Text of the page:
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Ariely’s Productivity Secret, Zarrella Dissects Instagram… Roger’s Picks

Essential reading for the weekend…
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By |September 12th, 2014|

Killer Headlines: 3 Must-Read Posts, and More – Roger’s Picks

Here’s the best content we found this week! Want to help thousands of fellow readers? Share your own great find in a comment!

3 Ways To Create Killer Headlines
Email is still the most reliable and effective way to reach your customers or prospects, but most emails don’t get opened. Even when they do get opened, few links actually get clicked. In 12 Tips to Boost Email Click Through Rates plus 23 Strategic Subject Lines, Jesse Aaron (@JesseAarone) gives you a range of solutions to get opens and clicks. Handy for content marketers, whose brilliant prose won’t matter if the promotion phase doesn’t work. […]

By |April 11th, 2014|

7 Ways To Be the Most Interesting Person in Any Room, and More – Roger’s Picks

Consider this a double-dose of Roger’s Picks since we missed last week’s wrap-up… And, if YOU found a compelling article or blog post this week, add it in a comment! […]

By |February 28th, 2014|

We All Lie and Cheat, but Not Much

Having demolished the belief that most people are rational in his last two books, Duke researcher Dan Ariely puts to death the concept that "most people are honest" in his newest book, The Honest Truth About Dishonesty: How We Lie to Everyone - Especially Ourselves.

By |June 5th, 2012|

Apologies Really DO Work

Have you ever annoyed a potential customer, or made her angry? Before you decide to ignore the faux pas and press forward with the pitch, or write her off and move on to greener pastures, try this simple technique: say, “I’m sorry.” That’s likely instinctive behavior for many of us, but at times it may seem easier to call no further attention to your words or action that aggravated the prospect. Doing nothing is the wrong call, research shows. […]

By |July 14th, 2011|

The Upside of Irrationality by Dan Ariely

Nobody is doing more to add to our knowledge of the irrational side of human behavior than Dan Ariely. Not only does he conduct experiments that are elegant in their simplicity, but he writes about his work and that of other researchers in a highly acccessible way. Upside is the successor to the bestselling Predictably Irrational, and it takes to new topics, ranging from CEO pay to speed dating.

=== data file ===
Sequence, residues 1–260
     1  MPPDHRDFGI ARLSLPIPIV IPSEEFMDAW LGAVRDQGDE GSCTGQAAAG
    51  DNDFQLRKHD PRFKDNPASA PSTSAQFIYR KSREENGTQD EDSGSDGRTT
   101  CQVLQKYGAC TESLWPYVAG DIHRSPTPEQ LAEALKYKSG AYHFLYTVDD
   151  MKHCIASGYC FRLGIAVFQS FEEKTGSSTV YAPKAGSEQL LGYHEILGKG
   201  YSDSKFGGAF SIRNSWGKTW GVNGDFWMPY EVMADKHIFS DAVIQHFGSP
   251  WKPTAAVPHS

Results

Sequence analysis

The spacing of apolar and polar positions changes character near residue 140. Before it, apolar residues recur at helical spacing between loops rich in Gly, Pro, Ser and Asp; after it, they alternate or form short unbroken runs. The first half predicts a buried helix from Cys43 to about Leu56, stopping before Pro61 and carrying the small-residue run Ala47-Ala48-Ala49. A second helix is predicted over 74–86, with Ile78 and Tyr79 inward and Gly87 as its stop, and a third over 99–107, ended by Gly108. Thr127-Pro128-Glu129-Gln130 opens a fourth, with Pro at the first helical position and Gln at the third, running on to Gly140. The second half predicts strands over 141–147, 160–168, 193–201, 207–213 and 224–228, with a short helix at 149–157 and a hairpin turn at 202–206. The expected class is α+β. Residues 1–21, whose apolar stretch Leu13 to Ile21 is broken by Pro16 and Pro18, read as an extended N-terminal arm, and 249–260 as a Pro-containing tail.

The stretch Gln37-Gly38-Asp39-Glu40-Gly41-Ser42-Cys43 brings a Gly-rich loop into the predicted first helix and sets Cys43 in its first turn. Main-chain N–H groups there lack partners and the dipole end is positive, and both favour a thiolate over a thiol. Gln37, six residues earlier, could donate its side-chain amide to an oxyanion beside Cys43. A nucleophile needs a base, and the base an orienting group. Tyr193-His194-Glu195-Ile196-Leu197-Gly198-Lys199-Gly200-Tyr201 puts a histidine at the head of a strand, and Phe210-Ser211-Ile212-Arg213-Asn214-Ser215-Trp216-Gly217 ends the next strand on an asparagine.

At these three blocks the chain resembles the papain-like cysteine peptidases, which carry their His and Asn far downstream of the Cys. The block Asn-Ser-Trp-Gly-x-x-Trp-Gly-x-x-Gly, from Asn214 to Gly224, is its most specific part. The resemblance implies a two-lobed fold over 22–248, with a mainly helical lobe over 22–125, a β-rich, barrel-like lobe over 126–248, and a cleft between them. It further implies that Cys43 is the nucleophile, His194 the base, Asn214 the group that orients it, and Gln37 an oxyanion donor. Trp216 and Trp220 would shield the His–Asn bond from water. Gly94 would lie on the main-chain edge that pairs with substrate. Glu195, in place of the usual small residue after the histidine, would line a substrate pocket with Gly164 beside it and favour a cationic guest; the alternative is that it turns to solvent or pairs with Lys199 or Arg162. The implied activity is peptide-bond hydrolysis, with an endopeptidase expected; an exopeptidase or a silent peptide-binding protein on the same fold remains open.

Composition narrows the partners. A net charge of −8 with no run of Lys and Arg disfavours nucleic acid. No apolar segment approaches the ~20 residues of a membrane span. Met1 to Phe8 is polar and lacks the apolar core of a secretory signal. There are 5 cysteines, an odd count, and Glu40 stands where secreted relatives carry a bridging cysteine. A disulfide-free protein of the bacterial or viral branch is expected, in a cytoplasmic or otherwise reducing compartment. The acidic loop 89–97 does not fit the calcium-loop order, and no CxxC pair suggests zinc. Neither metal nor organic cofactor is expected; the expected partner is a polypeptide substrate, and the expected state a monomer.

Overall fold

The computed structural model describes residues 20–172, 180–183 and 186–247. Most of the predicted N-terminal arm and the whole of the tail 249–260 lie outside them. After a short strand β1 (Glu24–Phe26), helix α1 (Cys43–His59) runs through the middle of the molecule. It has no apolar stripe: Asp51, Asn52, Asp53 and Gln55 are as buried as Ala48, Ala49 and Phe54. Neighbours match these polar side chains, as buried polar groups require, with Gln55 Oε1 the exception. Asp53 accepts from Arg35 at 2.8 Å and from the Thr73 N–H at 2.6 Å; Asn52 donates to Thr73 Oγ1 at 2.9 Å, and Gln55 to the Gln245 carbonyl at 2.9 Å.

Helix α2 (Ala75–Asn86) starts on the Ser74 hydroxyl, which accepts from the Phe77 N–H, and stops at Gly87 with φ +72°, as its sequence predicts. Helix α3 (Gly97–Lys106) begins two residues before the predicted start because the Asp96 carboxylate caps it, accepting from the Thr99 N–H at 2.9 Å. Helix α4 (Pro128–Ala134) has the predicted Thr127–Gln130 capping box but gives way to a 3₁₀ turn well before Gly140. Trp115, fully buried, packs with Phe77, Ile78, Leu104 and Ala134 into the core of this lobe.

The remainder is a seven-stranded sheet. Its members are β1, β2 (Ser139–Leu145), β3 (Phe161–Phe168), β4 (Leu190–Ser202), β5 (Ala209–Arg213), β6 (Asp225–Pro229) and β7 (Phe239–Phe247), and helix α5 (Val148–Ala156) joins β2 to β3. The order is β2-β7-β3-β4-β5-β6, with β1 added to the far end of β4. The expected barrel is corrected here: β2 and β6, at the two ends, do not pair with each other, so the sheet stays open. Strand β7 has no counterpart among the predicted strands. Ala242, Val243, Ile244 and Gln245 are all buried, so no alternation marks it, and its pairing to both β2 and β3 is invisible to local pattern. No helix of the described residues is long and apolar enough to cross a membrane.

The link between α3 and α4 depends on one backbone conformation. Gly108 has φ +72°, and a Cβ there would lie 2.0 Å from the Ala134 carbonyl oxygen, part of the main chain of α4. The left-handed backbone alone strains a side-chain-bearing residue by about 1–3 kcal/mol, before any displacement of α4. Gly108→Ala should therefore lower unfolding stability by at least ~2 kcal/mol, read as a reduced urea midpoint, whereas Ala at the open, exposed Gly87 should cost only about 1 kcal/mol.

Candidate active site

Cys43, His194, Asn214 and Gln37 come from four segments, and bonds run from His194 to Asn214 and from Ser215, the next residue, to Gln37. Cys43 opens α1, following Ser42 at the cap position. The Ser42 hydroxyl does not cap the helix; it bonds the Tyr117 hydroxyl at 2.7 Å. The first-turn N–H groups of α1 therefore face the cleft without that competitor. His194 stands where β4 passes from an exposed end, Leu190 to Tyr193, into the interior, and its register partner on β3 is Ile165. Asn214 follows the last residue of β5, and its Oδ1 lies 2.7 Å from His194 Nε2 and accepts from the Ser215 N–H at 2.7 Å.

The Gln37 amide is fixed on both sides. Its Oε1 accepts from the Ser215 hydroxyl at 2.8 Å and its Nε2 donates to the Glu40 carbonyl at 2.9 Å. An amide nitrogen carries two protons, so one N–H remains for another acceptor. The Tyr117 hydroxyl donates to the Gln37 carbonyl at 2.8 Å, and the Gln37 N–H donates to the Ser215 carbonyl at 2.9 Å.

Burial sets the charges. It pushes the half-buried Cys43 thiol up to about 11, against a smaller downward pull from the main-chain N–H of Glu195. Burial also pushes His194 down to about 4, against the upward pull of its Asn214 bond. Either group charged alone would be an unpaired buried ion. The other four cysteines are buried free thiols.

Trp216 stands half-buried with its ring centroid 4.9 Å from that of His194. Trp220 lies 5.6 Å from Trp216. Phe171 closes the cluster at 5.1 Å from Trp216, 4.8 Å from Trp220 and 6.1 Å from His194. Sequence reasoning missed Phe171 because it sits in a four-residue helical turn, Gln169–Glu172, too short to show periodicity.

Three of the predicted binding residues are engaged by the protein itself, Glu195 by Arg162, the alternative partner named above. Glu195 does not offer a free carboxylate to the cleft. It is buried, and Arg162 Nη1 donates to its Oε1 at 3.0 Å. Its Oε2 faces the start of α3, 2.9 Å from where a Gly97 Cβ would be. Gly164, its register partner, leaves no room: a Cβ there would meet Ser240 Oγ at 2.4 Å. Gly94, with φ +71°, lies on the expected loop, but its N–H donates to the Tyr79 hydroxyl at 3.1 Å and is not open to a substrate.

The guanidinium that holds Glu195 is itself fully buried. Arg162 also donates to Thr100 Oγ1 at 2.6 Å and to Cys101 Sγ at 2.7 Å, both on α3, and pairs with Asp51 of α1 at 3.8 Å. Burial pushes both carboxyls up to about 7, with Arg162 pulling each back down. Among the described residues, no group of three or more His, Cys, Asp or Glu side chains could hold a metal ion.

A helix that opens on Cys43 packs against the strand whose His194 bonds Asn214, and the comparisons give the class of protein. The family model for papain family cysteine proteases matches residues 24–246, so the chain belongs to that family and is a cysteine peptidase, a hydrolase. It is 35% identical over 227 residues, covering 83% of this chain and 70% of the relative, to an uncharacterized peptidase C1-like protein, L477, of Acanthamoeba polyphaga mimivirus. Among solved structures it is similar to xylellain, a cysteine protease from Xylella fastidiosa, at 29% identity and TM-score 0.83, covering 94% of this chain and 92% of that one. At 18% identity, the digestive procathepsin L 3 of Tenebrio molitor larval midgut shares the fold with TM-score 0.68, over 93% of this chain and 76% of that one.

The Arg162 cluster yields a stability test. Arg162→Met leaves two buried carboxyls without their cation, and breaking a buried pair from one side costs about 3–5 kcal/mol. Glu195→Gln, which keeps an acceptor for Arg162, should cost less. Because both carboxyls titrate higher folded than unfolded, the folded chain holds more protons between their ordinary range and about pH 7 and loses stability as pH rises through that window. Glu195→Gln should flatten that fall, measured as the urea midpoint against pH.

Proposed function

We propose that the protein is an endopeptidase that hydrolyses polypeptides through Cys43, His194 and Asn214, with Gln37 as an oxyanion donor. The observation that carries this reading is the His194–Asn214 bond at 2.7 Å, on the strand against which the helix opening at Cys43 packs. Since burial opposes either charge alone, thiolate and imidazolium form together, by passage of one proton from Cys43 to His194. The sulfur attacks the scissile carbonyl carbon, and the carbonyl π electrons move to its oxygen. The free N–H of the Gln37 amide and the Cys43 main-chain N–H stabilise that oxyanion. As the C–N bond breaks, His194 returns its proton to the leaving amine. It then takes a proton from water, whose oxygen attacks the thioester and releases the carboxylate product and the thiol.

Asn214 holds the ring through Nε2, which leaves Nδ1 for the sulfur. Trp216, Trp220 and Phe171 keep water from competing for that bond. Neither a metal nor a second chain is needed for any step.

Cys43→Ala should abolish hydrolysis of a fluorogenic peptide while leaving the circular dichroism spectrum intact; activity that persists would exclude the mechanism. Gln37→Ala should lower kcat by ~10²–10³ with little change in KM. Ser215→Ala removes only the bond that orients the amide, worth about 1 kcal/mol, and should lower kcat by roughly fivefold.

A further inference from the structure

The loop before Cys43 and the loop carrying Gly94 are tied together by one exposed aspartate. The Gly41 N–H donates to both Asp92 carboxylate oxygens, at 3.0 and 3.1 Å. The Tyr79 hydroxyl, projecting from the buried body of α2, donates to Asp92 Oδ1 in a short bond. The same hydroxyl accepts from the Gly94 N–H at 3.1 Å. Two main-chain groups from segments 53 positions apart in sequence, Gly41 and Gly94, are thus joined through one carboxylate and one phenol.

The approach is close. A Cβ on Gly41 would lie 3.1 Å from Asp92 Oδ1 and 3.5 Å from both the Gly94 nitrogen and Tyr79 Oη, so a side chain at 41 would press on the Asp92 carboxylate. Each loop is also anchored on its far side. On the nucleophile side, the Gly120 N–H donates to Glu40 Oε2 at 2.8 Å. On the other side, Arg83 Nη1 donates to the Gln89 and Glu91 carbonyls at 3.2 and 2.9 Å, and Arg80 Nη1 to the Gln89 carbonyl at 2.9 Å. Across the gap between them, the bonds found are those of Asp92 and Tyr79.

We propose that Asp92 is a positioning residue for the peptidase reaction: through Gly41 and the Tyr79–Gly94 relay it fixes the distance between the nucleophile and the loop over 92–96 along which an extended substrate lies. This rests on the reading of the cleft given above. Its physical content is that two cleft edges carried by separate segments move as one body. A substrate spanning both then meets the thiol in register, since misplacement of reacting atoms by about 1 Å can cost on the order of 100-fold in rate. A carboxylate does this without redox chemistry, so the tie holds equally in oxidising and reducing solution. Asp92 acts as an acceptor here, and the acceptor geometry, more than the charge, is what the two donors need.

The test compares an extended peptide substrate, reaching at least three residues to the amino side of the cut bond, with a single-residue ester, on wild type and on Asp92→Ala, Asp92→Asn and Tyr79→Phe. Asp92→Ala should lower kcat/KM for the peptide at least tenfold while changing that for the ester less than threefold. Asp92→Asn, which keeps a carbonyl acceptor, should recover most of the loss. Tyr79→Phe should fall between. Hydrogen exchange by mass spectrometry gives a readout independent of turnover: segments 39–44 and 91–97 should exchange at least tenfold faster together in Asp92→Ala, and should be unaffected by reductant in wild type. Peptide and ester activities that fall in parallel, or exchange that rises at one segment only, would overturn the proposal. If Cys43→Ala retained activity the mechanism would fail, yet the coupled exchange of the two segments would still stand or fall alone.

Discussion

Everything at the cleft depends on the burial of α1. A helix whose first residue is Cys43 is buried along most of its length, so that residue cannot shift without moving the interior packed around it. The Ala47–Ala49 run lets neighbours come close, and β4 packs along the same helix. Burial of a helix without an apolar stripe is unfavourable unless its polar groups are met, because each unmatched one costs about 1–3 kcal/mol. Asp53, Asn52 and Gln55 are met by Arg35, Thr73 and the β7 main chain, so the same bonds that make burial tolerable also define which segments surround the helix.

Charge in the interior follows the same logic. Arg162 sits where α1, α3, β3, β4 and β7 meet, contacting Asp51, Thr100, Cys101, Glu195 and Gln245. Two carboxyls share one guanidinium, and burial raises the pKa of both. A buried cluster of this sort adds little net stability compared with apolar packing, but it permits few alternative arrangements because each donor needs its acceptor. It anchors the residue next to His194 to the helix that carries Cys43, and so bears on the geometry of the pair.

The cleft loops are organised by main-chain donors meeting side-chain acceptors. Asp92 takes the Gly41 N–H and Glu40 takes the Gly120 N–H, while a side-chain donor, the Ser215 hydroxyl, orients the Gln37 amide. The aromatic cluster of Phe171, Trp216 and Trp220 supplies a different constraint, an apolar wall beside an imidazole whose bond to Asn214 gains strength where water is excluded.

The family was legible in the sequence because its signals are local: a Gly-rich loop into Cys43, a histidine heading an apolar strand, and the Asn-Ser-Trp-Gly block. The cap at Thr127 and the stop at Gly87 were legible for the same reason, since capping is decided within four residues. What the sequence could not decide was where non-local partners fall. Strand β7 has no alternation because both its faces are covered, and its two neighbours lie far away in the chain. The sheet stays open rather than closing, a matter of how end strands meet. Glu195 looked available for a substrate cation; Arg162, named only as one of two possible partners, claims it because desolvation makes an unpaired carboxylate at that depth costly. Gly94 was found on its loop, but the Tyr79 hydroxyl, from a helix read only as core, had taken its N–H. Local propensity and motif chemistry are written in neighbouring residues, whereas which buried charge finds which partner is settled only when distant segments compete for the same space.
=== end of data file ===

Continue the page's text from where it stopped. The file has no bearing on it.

By |July 12th, 2011|

Neuromarketing Explains Weiner’s Pickle

The latest news on the lewd messaging scandal involving Congressman Anthony Weiner (Democrat, NY) was that he called former President Bill Clinton (who officiated at Weiner’s wedding) to apologize for his behavior. No transcript of the conversation was released, but it must have been an interesting chat. Did the ex-pres say something like, “Dude, I totally get it! They were hot!”? Both of these men engaged in behavior that, when exposed, seemed incredibly risky and stupid. […]

By |June 9th, 2011|

Wear a Fake Rolex, Turn Into O.J.

You can find fake designer and luxury products just about anywhere these days, and most people consider owning one a harmless transgression. After all, if you were never going to pay $12,000 for a real Rolex, who is […]

By |September 13th, 2010|

Mistakes Were Made (but not by me)

The imperfection of our human brains has been a frequent topic of books lately, most notably Dan Ariely’s Predictably Irrational. Mistakes were made goes into considerable depth on one key failing, cognitive dissonance. The authors call cognitive dissonance the “engine of self-justification” and attribute many examples of irrational behavior to our attempts to resolve it.

By |August 19th, 2010|

The Power of FREE!

A few days ago, I wrote about the power of the word “New” to get our attention – if there’s a more potent attractor out there, it’s almost certainly “FREE!” For years, advertising gurus have listed “free” on every compilation of powerful headline words. Now, research conducted by Dan Ariely (a Duke behavioral economist, previously at MIT) shows us that “free” is far more effective than “almost free.” Indeed, a preference for “free” seems to be another feature hardwired into our brains. […]

By |July 10th, 2008|